E. Belfort Bax

Socialism and the Family

(26 January 1907)

Socialism and the Family, Justice, 26th January 1907, p.10. (letter)
Transcribed by Ted Crawford.
Marked up by Einde O’Callaghan for the Marxists’ Internet Archive.

DEAR COMRADE, – In a letter addressed to Justice a week or two ago our comrade Kerr suggests that I was wrong in maintaining that Socialism is, in principle, neutral in the matter of “free love.” The attraction of variety, he says, is natural in sexual as in other matters, and hence he thinks that, given the removal of the arbitrary and artificial restrictions in our existing social system – restrictions inherent in its economic, juridic, and moral structure – which must ensue under Socialism, everyone would at once adopt the practice of what is known as “free love.” To this proposition I must demur. There is, I believe, a not inconsiderable section of persons (though possibly a minority) who are undoubtedly monogamic by temperament, and for whom the sexual variety spoken of by Kerr has no special attraction, and in some cases even the contrary. Now, I cannot see it is any business of Socialists to counsel free love as doctrine any more than to preach strict monogamy as doctrine. It is, I take it, essential to Socialism to defend the right, materially and morally, of each to live his or her life in this matter according to temperament (subject, of course, to the necessary regulation of the question of offspring). Hence, any self-righteous “see-what-a-brave-boy-am-I” attitude on the part of the monogamist as against the free-lover would undoubtedly be discountenanced in a Social-Democratic society. But, beyond ensuring this freedom of the individual sexually, I fail to see that Socialism as a theory of life has anything to say in the matter. It is one of those private questions which must be left for individual taste and inclination.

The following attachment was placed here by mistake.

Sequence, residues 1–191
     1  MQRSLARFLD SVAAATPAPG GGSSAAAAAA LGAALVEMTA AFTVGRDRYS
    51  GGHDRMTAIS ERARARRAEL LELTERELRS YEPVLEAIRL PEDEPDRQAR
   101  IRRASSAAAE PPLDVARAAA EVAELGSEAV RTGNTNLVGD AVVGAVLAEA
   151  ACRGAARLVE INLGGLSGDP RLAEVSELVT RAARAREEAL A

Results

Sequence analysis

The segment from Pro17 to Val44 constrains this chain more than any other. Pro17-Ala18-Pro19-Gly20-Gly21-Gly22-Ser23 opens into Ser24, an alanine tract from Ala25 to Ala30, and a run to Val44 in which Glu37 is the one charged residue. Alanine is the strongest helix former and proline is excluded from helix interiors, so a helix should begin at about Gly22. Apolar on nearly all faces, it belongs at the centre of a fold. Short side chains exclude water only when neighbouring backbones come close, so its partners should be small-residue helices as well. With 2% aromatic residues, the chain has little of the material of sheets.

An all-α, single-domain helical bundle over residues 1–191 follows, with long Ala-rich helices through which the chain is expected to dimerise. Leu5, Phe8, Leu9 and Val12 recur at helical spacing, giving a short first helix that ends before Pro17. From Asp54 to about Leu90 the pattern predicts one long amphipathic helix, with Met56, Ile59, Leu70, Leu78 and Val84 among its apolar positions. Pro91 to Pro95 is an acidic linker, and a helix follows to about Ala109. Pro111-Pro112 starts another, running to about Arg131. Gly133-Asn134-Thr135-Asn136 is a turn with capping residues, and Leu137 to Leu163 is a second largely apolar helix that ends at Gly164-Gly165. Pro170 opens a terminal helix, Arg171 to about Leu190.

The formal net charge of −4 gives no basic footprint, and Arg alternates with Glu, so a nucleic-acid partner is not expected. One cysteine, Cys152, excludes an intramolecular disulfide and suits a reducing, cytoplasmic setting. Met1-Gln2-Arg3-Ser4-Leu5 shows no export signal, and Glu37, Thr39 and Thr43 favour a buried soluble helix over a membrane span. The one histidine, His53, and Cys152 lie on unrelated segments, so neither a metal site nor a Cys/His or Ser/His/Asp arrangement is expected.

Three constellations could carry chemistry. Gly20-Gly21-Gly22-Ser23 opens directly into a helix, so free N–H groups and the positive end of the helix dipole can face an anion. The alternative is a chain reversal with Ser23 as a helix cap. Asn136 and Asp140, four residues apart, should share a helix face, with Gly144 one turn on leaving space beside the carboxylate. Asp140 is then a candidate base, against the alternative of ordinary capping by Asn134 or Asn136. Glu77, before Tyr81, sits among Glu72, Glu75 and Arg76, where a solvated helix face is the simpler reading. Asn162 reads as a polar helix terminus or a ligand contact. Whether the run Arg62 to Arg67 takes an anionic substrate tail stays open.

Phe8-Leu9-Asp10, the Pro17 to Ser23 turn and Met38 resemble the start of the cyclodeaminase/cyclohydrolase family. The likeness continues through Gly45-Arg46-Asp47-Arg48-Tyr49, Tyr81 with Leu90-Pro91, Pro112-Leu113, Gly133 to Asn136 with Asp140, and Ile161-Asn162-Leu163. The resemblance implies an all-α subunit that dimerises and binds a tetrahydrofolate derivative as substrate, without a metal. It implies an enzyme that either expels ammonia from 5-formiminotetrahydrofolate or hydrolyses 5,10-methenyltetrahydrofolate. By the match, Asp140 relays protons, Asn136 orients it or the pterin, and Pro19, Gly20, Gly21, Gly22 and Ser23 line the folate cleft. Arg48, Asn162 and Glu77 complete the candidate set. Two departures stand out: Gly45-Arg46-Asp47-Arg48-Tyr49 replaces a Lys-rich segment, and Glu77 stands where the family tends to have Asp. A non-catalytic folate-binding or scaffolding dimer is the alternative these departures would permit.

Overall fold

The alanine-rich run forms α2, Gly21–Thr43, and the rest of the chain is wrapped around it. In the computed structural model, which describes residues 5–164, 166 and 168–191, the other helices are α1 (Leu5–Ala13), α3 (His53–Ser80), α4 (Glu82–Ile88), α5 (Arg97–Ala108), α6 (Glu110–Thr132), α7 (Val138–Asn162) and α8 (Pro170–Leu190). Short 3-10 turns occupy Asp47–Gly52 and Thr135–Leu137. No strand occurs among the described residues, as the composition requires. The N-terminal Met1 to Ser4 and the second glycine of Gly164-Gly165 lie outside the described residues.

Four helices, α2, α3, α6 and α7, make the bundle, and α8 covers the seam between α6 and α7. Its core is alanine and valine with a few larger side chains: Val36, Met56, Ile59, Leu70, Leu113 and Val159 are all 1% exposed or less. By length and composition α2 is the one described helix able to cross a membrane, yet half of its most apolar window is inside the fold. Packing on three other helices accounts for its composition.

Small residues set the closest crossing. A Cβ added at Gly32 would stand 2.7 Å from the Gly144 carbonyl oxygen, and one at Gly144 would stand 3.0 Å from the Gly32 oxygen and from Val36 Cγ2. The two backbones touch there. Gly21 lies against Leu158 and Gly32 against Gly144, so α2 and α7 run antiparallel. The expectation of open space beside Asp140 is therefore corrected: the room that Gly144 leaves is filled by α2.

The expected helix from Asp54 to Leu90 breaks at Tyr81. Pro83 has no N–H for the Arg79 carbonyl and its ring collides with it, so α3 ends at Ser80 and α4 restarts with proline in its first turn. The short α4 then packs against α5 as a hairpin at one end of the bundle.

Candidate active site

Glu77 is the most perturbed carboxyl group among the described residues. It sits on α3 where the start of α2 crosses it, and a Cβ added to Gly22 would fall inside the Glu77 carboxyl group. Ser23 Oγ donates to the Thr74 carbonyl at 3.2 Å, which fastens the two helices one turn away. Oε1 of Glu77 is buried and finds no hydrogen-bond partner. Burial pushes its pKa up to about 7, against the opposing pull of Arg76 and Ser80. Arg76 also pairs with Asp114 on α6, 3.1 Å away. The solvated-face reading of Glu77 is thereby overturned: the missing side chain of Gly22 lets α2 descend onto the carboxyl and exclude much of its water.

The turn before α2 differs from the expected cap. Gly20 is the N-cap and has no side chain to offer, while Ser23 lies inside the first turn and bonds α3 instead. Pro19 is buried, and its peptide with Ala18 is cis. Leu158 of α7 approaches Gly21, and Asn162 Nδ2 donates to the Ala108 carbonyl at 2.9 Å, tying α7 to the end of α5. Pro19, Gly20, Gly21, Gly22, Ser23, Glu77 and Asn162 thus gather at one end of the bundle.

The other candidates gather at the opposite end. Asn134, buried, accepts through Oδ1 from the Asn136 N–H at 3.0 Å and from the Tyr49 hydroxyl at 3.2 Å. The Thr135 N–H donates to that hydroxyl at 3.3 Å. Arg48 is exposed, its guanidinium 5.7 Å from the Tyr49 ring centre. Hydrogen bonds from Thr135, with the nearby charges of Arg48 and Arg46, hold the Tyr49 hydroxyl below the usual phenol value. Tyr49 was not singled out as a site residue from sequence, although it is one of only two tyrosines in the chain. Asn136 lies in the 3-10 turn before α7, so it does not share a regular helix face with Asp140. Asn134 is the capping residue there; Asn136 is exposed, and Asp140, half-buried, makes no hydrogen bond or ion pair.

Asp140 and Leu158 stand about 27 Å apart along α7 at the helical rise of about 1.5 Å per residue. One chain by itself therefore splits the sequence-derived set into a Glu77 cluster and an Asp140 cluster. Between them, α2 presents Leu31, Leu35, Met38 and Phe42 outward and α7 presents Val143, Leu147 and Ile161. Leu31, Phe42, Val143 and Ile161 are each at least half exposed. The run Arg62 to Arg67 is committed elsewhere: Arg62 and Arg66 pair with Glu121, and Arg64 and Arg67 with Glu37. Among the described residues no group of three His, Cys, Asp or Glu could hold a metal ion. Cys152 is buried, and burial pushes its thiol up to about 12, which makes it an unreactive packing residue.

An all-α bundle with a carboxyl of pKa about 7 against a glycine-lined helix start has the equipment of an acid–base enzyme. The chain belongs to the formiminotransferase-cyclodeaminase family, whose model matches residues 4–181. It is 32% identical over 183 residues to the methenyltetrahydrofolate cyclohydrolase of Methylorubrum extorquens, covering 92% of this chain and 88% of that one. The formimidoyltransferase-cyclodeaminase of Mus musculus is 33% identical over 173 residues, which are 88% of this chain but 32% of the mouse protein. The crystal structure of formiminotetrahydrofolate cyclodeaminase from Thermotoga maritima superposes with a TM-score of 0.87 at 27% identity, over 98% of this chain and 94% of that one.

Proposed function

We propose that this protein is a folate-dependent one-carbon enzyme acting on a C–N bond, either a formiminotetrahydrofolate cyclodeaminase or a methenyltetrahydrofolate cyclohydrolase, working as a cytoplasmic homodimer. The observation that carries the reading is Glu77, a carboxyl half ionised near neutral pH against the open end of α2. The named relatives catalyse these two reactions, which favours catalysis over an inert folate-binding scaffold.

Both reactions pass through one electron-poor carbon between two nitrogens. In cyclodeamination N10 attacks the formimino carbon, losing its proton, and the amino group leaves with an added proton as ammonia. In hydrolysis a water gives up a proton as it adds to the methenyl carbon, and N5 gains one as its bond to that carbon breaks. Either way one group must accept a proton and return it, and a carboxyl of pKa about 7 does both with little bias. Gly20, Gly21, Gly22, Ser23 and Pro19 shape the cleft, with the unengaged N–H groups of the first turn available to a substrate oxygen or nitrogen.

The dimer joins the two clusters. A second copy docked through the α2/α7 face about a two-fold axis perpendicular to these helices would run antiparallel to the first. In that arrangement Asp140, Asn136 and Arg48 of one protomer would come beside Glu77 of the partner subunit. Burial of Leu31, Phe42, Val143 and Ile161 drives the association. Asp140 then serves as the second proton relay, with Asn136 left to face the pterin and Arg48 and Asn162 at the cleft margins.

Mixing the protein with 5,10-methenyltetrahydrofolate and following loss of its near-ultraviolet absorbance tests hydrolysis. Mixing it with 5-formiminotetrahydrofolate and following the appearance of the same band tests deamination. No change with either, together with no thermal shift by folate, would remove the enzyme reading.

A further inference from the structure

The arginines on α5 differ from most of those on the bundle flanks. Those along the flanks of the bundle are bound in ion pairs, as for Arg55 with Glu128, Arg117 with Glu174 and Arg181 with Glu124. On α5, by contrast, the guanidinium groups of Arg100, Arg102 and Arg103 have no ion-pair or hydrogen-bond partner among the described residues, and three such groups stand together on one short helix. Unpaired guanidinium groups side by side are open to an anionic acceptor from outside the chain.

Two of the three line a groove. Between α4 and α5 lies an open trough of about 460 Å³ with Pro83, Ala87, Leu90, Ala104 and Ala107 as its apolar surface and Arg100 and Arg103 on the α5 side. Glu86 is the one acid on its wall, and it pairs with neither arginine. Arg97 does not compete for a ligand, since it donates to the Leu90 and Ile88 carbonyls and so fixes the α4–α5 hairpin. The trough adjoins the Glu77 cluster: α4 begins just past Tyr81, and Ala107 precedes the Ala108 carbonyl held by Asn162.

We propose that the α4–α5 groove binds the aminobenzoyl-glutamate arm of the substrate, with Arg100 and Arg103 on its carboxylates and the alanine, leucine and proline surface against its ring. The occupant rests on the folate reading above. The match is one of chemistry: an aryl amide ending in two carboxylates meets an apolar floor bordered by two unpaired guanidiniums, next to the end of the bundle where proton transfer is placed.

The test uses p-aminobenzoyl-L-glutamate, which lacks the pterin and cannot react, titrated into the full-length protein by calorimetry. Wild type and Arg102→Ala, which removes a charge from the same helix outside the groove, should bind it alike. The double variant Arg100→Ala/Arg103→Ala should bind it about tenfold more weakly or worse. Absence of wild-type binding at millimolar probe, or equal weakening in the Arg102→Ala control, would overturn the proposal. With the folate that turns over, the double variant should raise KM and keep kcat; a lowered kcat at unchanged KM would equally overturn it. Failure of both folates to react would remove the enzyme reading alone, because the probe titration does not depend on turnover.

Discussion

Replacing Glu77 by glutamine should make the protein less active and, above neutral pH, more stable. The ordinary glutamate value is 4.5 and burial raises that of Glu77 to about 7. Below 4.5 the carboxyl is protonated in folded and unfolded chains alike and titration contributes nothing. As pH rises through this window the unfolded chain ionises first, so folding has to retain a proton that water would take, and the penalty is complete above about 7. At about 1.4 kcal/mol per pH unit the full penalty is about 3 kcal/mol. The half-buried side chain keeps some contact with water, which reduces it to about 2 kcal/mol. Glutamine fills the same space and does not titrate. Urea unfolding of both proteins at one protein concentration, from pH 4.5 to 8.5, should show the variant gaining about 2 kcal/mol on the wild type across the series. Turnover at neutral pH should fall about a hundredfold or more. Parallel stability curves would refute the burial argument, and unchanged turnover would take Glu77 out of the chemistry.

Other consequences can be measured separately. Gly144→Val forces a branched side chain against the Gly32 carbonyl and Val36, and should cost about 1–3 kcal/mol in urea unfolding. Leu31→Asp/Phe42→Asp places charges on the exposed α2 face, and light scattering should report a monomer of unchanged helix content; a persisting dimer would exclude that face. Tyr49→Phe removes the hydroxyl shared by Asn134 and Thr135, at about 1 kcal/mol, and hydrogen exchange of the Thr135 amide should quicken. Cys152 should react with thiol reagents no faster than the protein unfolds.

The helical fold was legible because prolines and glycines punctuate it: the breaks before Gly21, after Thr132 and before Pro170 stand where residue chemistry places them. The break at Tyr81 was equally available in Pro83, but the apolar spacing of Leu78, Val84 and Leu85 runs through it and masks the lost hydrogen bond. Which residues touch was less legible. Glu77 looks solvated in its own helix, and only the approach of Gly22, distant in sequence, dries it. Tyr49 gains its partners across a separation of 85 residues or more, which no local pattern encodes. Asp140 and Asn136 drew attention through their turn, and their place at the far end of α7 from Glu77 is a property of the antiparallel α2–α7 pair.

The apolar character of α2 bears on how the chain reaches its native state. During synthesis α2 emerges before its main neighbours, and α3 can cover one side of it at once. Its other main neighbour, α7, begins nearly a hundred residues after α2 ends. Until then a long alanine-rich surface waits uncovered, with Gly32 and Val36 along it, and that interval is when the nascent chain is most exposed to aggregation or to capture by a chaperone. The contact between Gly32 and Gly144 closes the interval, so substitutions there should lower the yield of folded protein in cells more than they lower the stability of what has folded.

As for Mr. Wells, your criticism of his latest lucubrations offers little to add. The epithet, “palaeo-Socialist,” as applied to myself, leaves my withers utterly unwrung. I suppose it is the Wellsian idea of a brilliant tu quoque for my having pointed out the crude fatuity of the view by which he thinks to whitewash himself of the terrible charge of favouring “free love.” For the rest, we all know this sort of bombast from the would-be smart bureaucrats and litterateurs of the Fabian Society for the last three-and-twenty years. They have been at it, gibing at us as the “old guard,” etc., and sneering at the superannuated Marx, ever since 1884. Mr. Wells is a new hand at it, that is all. For my part I should certainly have given Mr. Wells credit for more sense of humour than to care to make a fool of himself by trumpeting forth his own personal opinions with comic bumptiousness, as he has done, as the divine oracle of Socialism for the acceptance of a credulous world. If he thinks to emulate Shaw he should remember the one step from the sublime to the ridiculous. For, even though it may be an open question whether Shaw’s jocular arrogance is precisely sublime, there can hardly be two opinions as to Mr. Wells’s smug conceit being ridiculous in comparison.

But what, then, is this “neo”-Socialism, that is, we are assured, going to take the world by storm? When closely examined it has a way of looking not so very “neo” after all. For example it generally bears a striking family resemblance to our old friend Bismarckian State-Socialism, one of its real objects being apparently’ the curtailment of liberty. The more coercion the purer the Socialism with “Socialists” of this type. Latterly, this kind of superior person seems to have taken up with some form of the human stud-farm theory, called variously Stirpiculture, Eugenics, or what-not, a theory in its original form dating from the late estimable Dr. Noyes, of Oneida Creek celebrity, who promulgated it in the forties of the last century. No, no, Mr. Wells, it is the tide of our Palaeo-Socialism that is sweeping all before it, not the soap-bubbles of your Neo-Socialism! The more you confine yourself to writing good stories rather than bad essays the greater the service you will render your day and generation. – Yours fraternally,


E. Belfort Bax


Last updated on 15.7.2004